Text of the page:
The Gepard entered service in the German Bundeswehr in 1973 and made up a core of West Germany's anti-aircraft power. The Gepard was constantly upgraded with better guidance systems and other electronic hardware. From the 1980s onward, the Gepard units were attached to Stinger surface-to-air missile systems to exploit the Gepard's extended tracking system to locate targets for the Stingers. A proposal was made to combine these two units into one vehicle with a dual Stinger launcher mounted onto a Gepard, but budget restrictions prevented this. The Flakpanzer Gepard still sees use today in the storage of the Bundeswehr, although in reduced numbers from 377 originally to just 94. They are expected to be replaced by the SysFla project, which is a stationary and mobile platform armed with the MANTIS gun system and the new LFK NG missiles.
The Gepards were successful in the export market. The first to order were Belgium and the Dutch, 55 and 95 units respectively. When the Bundeswehr started the downsize their forces, their Gepards were sold to various countries such as Brazil, Romania, and Chile; though Chile returned their Gepards due to the high costs maintaining them. The Dutch also sold 60 of their surplus stock to Jordan. Belgium and the Dutch have recently withdrawn the Gepards from military service.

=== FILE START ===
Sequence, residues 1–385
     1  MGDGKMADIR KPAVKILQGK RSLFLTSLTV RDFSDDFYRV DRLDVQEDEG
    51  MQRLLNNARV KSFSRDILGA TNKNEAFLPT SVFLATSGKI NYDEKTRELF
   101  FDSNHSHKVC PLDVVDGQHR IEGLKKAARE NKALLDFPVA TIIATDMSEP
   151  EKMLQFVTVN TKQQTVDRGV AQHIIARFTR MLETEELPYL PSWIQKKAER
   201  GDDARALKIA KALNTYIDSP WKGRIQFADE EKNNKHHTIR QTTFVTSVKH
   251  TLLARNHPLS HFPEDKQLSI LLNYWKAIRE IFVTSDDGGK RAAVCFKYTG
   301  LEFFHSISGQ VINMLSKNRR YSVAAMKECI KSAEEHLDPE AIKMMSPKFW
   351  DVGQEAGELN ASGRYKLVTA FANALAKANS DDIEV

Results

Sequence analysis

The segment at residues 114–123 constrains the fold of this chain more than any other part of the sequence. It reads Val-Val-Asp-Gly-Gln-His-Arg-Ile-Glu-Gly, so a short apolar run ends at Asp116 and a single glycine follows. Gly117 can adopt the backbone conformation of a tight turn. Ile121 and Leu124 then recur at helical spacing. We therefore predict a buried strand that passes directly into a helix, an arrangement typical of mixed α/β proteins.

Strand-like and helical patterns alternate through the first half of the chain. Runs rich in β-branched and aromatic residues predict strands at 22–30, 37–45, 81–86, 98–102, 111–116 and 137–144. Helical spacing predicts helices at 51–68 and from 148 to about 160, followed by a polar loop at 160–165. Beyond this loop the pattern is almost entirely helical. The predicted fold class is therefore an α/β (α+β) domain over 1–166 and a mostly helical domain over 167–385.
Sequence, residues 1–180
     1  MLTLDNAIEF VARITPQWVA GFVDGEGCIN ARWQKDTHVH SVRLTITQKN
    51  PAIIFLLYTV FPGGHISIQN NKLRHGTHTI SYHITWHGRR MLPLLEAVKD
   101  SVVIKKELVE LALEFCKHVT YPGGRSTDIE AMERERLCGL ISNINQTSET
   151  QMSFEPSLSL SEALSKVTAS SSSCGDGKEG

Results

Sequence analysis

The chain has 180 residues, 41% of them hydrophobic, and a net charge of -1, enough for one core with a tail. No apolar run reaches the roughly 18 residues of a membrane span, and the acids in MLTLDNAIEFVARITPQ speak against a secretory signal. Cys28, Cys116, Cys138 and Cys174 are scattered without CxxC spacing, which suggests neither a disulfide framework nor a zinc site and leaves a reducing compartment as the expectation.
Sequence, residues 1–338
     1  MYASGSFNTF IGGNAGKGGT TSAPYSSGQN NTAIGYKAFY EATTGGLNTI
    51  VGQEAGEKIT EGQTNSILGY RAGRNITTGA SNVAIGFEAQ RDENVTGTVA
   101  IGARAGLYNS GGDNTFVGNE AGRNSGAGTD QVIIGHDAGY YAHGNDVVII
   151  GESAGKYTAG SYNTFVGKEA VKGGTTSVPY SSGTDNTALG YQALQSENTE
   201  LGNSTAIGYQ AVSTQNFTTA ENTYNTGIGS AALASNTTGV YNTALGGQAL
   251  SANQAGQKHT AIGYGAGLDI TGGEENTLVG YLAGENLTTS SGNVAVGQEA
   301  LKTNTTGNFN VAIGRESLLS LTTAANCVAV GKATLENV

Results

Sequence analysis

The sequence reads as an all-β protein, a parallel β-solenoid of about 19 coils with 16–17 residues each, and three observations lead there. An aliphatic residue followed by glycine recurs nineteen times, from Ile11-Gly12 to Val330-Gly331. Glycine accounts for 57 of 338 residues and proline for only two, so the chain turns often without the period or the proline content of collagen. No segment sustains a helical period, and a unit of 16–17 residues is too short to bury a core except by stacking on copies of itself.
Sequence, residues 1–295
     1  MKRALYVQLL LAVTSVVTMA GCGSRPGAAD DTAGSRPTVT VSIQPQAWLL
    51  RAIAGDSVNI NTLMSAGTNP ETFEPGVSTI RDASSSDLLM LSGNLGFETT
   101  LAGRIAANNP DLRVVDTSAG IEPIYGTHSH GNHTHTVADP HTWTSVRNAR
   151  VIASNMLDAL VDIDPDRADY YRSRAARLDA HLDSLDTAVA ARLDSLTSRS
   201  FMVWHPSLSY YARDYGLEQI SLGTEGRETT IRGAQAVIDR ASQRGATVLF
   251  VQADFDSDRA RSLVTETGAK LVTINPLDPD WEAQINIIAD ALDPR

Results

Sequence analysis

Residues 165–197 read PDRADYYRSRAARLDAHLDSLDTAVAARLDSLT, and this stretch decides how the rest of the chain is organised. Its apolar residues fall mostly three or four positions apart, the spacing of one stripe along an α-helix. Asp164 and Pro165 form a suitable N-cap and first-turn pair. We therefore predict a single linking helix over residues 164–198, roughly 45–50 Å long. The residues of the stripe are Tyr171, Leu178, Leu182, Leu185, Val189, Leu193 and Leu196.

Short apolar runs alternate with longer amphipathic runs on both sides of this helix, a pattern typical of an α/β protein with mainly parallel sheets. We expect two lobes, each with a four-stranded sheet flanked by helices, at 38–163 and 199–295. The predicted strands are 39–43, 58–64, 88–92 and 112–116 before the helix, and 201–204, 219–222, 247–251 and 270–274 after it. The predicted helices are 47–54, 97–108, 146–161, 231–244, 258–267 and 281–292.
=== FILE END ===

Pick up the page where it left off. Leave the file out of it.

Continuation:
The Flakpanzer 38(t) self-propelled anti-air mount was a temporary transitional version that was used until the development of a real anti-air tank on the chassis of the Panzer IV was completed. The vehicle was produced from November, 1943 to February, 1944. The first 87Flakpanzer 38(t) AA vehicles appeared at the front in January, 1944 and made up Flugabwehrzug (AA platoons) in tank divisions and tank grenadier divisions (sometimes in Waffen SS divisions such as the Hitlerjugend 12th Waffen SS division in Norway in 1944).
In 1944-1945 Flakpanzer 38(t) AA vehicles were used actively on the Italian and Western Fronts, where they were effective against low-flying aircraft.
A total of 141 Flakpanzer 38(t) AA vehicles were released.
|Germany anti-aircraft vehicles|
|Tracked||Flakpanzer I · Flakpanzer 38|
|Based on Pz.IV||Wirbelwind · Ostwind · Ostwind II · Kugelblitz|
|Based on Pz.V||Flakpanzer 341|
|Post-war||Gepard · FlaRakPz 1|